10 to Watch Winner 2021 – MAiiZ Nixtamal

“People use tortillas as a vehicle to shovel in food. But tortillas have a soul,a character. They are the foundation of a meal. You don’t need more.”— Israel Álvarez Molina,founder of MAiiZ Nixtamal.

Israel Álvarez Molina, founder of MAiiZ Nixtamal
Photo by Jeffrey Bosdet.

Sectors: Food, Retail

Year Launched: 2020

Founders: Israel Álvarez Molina

Unique Selling Proposition: Elevating a daily staple — the tortilla — into a taste bud triumph.

Process: Organic corn kernels mixed with calcium chloride or lime are boiled and soaked overnight. The kernels are later rinsed, hulled, shaped into masa dough and fried into tortillas.

Website: www.maiiz.ca

Award sponsor: City of Victoria

MAiiZ Nixtamal — whose name refers to corn in Spanish and the process used to make tortillas — will celebrate one year of retail business in July and owner Israel Álvarez Molina hasn’t had a day off, returning to his shop kitchen each day to finish a process that began 16 hours earlier when 50 kilograms of corn we reset to boil, with 2,100 tortillas the end product.

Since arriving in Canada from Mexico City in 2008, Molina has been a chef in Edmonton and Ucluelet. In 2019 he came to Victoria with plans to elevate a daily staple into a taste bud triumph.

“People say, ‘I didn’t know tortillas taste that good,’” he says, likening his Chinatown shop to a neighbourhood French bakery because MAiiZ tortillas are “the bread of Mexico.”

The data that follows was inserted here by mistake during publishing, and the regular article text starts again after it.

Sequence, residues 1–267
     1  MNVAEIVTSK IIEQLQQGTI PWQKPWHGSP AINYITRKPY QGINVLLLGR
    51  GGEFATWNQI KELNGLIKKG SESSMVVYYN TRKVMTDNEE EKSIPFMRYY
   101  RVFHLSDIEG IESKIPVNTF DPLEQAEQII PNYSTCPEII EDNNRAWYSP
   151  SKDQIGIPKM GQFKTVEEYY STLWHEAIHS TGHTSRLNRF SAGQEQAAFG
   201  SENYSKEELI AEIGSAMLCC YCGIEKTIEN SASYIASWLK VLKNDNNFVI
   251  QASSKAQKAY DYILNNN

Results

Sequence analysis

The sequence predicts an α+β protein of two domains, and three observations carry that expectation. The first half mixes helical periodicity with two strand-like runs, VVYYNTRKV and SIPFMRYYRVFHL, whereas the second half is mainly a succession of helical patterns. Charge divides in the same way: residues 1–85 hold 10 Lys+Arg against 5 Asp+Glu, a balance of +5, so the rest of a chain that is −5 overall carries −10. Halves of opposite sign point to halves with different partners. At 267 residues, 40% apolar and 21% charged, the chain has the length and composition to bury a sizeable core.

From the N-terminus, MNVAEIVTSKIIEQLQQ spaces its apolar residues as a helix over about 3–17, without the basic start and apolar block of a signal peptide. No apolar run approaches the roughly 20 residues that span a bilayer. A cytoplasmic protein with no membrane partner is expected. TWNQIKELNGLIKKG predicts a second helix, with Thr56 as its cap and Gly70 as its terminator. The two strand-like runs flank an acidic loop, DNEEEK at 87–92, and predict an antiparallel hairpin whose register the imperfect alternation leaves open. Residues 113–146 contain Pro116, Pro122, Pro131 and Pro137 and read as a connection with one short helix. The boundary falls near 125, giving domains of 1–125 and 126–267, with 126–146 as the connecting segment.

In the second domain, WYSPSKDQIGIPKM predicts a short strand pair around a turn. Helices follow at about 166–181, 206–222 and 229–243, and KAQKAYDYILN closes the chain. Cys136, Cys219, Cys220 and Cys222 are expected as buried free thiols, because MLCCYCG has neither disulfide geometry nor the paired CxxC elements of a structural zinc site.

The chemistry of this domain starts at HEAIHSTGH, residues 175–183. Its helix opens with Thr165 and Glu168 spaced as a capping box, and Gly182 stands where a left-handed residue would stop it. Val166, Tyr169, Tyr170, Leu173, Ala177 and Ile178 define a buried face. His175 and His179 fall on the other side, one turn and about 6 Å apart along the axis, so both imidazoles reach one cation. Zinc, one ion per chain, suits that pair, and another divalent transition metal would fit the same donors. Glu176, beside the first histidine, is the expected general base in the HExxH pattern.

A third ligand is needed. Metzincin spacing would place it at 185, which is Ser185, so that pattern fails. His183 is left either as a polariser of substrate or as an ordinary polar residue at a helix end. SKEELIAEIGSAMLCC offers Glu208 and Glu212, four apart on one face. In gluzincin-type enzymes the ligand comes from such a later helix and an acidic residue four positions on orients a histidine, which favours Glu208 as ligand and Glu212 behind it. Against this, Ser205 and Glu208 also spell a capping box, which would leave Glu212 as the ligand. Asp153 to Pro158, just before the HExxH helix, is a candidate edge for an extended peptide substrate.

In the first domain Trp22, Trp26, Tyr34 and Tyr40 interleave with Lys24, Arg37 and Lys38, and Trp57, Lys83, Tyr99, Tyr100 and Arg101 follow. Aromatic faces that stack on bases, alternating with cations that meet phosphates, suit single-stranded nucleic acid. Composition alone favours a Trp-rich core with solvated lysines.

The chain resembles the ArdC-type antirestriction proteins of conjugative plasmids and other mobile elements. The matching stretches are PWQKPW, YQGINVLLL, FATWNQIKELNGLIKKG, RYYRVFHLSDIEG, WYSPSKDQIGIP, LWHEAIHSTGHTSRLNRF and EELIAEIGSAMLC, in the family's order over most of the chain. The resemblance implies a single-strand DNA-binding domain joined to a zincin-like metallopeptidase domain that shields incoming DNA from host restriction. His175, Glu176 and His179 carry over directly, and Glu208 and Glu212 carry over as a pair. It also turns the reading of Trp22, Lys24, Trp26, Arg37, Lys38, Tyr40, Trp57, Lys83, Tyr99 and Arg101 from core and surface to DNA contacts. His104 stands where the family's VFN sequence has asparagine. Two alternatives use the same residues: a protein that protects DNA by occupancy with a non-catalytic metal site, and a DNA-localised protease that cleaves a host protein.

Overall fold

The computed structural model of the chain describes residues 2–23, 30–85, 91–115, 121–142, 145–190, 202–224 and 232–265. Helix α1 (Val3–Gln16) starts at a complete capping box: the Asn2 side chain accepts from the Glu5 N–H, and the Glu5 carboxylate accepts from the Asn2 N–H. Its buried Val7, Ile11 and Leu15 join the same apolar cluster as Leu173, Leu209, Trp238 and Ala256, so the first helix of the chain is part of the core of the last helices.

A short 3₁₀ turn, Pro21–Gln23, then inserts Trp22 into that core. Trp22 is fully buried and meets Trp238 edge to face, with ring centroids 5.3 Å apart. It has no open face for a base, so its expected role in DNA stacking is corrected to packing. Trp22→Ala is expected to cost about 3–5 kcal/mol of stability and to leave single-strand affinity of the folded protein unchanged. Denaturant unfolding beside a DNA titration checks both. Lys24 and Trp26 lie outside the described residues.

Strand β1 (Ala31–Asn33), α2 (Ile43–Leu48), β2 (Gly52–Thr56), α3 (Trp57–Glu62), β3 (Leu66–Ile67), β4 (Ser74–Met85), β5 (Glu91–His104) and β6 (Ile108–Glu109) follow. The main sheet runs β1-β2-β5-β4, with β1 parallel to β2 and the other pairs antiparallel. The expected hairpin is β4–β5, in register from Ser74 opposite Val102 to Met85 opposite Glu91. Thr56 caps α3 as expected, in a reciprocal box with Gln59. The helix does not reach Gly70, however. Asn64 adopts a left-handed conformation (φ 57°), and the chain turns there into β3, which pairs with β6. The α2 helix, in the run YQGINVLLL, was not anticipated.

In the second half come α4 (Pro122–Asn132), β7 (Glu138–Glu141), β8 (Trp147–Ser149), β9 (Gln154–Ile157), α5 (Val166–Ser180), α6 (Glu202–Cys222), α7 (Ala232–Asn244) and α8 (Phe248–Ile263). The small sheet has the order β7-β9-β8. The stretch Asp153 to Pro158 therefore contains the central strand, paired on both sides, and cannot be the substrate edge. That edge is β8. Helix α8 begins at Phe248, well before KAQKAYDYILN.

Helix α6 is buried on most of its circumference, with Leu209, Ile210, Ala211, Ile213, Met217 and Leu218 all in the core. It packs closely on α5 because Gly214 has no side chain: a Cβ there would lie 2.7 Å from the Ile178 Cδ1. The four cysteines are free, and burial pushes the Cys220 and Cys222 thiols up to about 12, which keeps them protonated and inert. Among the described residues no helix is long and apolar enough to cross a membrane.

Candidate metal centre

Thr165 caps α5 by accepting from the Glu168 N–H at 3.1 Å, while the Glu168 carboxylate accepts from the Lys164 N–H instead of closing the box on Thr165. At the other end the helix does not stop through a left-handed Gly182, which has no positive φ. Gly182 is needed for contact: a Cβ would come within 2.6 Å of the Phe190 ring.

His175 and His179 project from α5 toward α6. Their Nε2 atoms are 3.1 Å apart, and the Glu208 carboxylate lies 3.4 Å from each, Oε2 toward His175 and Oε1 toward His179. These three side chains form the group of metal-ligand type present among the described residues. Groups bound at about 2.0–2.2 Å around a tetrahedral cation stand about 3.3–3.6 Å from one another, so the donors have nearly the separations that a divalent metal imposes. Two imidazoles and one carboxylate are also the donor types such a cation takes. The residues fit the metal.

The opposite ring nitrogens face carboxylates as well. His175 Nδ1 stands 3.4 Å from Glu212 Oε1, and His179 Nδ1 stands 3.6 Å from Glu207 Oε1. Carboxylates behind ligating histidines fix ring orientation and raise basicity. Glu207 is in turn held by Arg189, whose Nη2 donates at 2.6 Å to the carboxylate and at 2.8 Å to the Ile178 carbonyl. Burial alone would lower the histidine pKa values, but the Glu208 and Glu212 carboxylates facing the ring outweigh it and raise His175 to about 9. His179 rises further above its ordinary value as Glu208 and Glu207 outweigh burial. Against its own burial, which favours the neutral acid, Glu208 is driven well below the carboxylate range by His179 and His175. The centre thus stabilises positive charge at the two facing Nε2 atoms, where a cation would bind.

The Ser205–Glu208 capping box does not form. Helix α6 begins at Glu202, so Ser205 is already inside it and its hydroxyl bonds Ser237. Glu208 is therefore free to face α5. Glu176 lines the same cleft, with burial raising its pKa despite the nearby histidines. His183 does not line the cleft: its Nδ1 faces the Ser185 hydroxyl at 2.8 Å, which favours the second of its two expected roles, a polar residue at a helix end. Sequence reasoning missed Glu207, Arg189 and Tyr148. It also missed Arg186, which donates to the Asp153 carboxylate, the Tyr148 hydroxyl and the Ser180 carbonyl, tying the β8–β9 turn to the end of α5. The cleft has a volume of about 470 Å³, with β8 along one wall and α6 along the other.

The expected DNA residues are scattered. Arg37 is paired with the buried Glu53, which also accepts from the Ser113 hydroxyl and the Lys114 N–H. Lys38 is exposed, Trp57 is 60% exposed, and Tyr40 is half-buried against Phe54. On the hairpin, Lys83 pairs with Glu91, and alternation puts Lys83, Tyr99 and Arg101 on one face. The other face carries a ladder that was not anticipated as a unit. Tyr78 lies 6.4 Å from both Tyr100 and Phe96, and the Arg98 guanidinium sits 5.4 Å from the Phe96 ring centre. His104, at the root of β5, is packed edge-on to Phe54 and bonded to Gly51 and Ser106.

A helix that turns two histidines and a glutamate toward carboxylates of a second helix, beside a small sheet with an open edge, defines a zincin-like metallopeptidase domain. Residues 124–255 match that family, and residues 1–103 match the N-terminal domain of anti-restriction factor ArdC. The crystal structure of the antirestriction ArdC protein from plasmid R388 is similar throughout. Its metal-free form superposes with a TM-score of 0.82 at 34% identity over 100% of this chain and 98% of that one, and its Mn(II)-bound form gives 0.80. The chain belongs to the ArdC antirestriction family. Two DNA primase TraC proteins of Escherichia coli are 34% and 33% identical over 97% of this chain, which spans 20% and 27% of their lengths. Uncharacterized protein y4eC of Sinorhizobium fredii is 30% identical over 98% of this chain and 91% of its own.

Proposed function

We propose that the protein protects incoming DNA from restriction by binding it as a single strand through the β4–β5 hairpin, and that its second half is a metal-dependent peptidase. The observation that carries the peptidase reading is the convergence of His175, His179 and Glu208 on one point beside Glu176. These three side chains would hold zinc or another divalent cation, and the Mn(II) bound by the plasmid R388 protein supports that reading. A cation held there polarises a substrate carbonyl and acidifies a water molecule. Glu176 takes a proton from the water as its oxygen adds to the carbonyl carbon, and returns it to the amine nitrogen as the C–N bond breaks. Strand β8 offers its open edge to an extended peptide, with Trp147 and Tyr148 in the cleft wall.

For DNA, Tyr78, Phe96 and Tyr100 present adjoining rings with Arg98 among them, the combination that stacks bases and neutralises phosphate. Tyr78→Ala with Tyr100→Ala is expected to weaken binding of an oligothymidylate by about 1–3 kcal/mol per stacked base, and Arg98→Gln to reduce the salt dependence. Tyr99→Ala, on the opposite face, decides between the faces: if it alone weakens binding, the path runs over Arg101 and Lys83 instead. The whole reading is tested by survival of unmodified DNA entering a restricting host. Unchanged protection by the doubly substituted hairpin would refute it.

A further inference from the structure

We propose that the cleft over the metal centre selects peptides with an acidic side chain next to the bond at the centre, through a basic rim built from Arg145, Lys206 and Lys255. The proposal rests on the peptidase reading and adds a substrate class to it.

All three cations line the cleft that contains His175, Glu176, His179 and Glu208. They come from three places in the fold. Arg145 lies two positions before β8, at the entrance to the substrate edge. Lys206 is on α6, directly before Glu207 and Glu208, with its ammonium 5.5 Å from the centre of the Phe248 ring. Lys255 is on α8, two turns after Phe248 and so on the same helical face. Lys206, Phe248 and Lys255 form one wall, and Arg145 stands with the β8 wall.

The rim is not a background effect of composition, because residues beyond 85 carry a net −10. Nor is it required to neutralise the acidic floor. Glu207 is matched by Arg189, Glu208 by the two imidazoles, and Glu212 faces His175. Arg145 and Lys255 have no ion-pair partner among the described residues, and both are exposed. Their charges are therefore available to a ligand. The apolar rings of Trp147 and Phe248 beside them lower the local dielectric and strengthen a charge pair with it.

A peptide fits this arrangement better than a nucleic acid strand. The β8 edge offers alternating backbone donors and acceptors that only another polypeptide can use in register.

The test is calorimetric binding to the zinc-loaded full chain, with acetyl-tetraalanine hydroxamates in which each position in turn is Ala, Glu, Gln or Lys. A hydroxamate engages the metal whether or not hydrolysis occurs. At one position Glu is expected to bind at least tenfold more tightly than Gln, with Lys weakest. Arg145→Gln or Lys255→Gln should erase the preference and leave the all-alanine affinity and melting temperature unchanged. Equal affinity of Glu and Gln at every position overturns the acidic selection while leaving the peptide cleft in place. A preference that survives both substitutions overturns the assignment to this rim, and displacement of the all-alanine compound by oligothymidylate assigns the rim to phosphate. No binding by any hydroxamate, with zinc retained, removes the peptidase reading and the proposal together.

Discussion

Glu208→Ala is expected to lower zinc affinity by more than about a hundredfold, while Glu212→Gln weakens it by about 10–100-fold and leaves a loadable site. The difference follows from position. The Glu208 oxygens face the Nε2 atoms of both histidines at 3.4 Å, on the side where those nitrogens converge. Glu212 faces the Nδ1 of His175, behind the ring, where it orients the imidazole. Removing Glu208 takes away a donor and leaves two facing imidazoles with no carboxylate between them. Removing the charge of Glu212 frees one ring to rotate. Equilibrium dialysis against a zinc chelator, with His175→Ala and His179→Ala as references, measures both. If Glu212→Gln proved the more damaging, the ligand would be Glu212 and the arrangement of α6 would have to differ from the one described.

Available in four different colours and containing minerals and B vitamins, they hold their shape better than mass-produced versions. Another kitchen coup is that Molina uses certified organic corn from an Armstrong, B.C. farm.

Eaten for centuries, it’s unknown how the originators of the Nixtamal process discovered that when ashes or burned shells were added to the cooked corn, a food that kept disease at bay would result. Molina says it took him about four weeks to develop his specific recipe.

Today, MAiiZ tortillas are savoured at 18 of Victoria’s top restaurants and sold in 23 grocery stores. And with sales growth of 250 per cent, Molina plans to expand with the help of one or two big corn cookers and machinery that would speed up the process. “That would be a game-changer,” he says. “I could triple capacity.”